Ron Delnevo
Ron Delnevo - Cash & Card World - Leatherhead 12 February, 2018, 08:56Be the first to give this comment the thumbs up 0 likes We agree on the first point. As regards tax, avoidance by big business and the super rich who control much of the worlds wealth is the REAL issue. Politicians won’t deal with it because it is too difficult and/or the “avoiders” are there supporters. Finally, there could be an argument for ALL ATMs charging, say, 50p for a cash withdrawal, with specific cardholder being exempt from charges at ANY ATM. However, almost certainly politically unacceptable at the moment.
Paul Love
Paul Love - Konsentus - Nottingham 12 February, 2018, 11:34Be the first to give this comment the thumbs up 0 likes

This is a well researched article and while there may be disagreements about the eventual outcome, it does raise some important principals about the impact of the reduction on the wider community.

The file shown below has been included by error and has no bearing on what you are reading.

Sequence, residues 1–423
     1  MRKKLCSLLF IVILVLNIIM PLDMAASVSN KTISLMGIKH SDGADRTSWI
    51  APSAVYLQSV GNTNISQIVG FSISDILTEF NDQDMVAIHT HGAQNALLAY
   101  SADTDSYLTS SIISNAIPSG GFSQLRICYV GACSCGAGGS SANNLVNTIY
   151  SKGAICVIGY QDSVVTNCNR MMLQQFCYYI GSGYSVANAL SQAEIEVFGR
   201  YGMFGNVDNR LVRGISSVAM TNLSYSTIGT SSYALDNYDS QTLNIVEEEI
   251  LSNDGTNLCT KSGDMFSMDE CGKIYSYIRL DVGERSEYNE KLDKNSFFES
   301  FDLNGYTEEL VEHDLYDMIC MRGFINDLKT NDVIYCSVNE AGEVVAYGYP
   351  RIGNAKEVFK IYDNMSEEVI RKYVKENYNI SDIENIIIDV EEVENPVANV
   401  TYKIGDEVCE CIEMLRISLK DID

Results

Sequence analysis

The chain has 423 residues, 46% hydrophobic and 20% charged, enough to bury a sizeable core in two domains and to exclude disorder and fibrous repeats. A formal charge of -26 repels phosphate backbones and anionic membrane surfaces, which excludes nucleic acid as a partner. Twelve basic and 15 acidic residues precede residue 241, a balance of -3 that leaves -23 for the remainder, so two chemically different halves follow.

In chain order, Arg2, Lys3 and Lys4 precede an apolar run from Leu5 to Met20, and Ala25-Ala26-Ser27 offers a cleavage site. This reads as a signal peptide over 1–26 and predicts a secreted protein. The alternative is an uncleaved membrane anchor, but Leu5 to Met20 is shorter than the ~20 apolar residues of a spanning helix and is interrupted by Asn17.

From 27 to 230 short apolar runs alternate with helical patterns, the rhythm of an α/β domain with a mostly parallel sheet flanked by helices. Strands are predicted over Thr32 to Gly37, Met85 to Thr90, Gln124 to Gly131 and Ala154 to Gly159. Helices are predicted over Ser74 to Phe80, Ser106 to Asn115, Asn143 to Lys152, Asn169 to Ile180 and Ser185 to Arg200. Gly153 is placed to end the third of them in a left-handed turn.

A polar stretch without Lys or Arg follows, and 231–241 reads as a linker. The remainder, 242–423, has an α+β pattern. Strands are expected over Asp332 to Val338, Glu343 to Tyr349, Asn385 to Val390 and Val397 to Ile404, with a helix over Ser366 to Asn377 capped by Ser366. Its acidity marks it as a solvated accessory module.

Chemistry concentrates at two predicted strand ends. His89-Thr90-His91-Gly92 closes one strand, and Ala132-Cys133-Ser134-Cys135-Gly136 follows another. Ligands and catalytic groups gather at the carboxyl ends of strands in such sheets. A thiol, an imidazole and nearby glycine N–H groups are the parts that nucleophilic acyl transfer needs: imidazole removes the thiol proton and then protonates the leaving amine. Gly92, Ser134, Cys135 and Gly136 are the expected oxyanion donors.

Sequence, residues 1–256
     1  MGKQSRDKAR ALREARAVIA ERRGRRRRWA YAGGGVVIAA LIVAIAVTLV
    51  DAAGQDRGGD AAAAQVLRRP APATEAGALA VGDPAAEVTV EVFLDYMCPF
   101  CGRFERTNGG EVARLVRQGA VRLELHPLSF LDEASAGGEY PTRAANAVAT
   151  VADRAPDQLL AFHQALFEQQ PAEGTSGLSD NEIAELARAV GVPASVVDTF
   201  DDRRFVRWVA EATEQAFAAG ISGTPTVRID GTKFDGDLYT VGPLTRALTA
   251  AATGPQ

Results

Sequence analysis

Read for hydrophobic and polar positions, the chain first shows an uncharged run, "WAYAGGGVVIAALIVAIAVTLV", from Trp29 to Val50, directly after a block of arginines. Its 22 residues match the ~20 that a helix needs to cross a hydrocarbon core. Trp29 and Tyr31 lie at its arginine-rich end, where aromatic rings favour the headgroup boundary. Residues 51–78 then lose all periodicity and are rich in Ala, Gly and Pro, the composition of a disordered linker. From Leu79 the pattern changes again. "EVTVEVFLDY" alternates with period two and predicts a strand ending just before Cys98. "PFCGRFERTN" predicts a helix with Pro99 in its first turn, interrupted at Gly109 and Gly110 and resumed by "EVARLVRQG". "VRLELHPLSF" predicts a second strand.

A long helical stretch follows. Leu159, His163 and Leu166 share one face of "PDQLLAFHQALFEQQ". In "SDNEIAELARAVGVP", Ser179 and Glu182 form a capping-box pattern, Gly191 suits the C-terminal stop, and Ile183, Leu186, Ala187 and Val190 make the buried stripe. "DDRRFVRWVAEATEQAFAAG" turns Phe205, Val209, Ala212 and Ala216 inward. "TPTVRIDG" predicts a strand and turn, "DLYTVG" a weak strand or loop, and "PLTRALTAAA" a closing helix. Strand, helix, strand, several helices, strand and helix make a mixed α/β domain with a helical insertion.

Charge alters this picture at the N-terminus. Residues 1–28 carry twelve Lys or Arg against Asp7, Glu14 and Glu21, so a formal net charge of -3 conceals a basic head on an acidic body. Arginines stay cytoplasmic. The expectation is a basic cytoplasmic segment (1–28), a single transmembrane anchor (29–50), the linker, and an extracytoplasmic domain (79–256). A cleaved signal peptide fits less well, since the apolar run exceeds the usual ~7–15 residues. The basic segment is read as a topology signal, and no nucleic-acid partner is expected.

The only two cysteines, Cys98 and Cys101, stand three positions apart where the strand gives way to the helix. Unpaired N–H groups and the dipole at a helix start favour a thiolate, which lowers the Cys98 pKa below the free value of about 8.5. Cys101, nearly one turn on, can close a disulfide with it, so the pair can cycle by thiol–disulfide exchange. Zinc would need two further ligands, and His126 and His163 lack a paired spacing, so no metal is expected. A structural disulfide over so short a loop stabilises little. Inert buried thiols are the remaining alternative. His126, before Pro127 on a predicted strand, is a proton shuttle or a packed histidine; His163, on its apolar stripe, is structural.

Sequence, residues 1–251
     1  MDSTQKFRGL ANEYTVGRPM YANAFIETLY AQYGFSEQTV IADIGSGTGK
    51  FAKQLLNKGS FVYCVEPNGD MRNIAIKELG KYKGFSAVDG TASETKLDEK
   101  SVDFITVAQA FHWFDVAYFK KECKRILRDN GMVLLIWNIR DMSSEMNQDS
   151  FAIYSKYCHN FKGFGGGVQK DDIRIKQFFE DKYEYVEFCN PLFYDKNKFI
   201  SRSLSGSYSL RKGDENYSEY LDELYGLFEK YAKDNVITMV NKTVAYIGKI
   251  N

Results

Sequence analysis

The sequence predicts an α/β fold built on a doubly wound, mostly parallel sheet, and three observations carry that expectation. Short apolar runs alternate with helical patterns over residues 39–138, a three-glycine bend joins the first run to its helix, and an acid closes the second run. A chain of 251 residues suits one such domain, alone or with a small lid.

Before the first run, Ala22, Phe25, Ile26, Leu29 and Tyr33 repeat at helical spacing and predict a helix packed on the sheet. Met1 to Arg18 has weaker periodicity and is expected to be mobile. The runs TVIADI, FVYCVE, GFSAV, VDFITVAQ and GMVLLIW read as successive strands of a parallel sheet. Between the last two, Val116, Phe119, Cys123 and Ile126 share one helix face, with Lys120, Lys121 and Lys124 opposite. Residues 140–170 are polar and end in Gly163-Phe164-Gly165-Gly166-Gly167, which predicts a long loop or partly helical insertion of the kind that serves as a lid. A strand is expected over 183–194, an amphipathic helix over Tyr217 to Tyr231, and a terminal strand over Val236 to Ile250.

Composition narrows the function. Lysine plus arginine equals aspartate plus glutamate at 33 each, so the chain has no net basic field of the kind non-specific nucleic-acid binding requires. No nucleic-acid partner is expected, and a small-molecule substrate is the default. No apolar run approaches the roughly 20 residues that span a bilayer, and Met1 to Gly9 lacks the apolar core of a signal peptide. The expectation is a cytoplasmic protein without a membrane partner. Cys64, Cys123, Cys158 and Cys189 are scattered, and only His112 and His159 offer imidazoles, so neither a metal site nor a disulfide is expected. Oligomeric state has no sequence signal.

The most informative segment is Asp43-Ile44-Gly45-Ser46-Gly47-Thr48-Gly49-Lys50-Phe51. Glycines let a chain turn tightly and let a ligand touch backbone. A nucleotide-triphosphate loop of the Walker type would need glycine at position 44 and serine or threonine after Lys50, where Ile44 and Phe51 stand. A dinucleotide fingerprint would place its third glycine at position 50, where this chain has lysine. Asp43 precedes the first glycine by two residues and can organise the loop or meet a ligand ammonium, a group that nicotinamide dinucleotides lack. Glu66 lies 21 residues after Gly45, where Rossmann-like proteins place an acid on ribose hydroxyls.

A few years ago there was talk of ending cheque payments, which was eventually shelved due to an orgainised campaign by some of the largest users and bebeficiaries of cheque payments

At the moment there is no obvious organised group representing the cash users in our society to mount an effective campaign against such changes.

 

Ron Delnevo

Ron Delnevo

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Cash & Card World

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This post is from a series of posts in the group:

Financial Inclusion

The financial services industry has much to contribute to the UN and World Bank goal of full financial inclusion by 2020. This group will focus on industry contributions, ideas, barriers and enablers.